Foster Spotlight: Mao-Bin Shen
Mao-Bin Shen obviously cannot get enough of dogs. Mao started volunteering to walk dogs in January of 2020, shortly after one of his dogs passed away in 2019.
With so much room in their home and only having a senior toy poodle, he and his wife Denise thought, why not foster?
Last year, they fostered a total of six dogs. A senior dog, Shiba, became part of their family in March of 2020. However, they continued to foster five more dogs in 2020 despite now having two dogs.
While they have loved all of their fosters, a couple became absolute favorites.
“Over the summer, we fostered a beagle mix that was adopted by an art student,” Mao says. “The dog has his own Instagram page so I get to follow him. He is living a great life and having lots of fun.”
Their most recent foster was a very large pit mix named Boozy. He is now living his best life on a horse farm.
“I thought fostering would be tough, especially when the foster gets adopted,” Mao admits, “but when they get a new home, it is the happiest and saddest part. We miss them, but we have helped a dog in need and we have helped people get a new family member.”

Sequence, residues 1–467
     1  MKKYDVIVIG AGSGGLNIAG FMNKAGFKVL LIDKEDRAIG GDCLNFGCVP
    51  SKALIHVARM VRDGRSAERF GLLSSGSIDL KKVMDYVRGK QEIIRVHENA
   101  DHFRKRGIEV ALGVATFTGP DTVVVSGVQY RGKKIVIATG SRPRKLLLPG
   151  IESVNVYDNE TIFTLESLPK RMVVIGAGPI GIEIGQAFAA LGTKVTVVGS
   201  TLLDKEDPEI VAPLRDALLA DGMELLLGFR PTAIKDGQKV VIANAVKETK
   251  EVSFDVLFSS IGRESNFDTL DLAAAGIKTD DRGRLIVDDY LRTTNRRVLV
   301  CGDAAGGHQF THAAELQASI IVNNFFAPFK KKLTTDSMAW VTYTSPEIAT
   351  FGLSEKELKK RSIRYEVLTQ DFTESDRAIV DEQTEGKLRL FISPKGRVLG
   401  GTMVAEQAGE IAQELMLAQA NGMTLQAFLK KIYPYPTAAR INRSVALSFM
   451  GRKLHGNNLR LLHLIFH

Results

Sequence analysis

Mao also volunteers to help with virtual adoption classes for other foster dogs. “Doing the classes is very rewarding. I get to welcome a new dog to someone’s family and see/hear how excited they are to bring them in,” Mao says
Mao and his wife actually adopted another one of their recent fosters, Applejacks, because Mao acknowledges, “I really wasn’t sure Applejacks was going to be adopted by anyone else.”
Applejacks is a “handful. He is young and energetic with some behavior problems.” That being said, Mao is quick to add that the Training Enrichment Team is always available to help.
“Everything from emails to videos to in-person consultations— BARCS is there every step of the way,” he says. Mao takes Applejacks to BARCS a couple of times a week so he can play with other high-energy dogs as well as learn some social skills. “As soon as I open the car door, Applejacks heads straight to the play yard,” Mao says. “He loves it.”
BARCS also hosts “Virtual Happy Hours” for foster families so they can get together for support and socializing. “It has been great connecting with various fosters and talking about our experiences and giving each other tips on things that have worked well,” Mao says.
Mao has advice to any potential foster: “Don’t be afraid,” he says. “BARCS has the resources to support you and will also pick out the right dog for you to foster. They really work with every family to make sure the foster is a good fit. I have enjoyed every dog we have fostered.”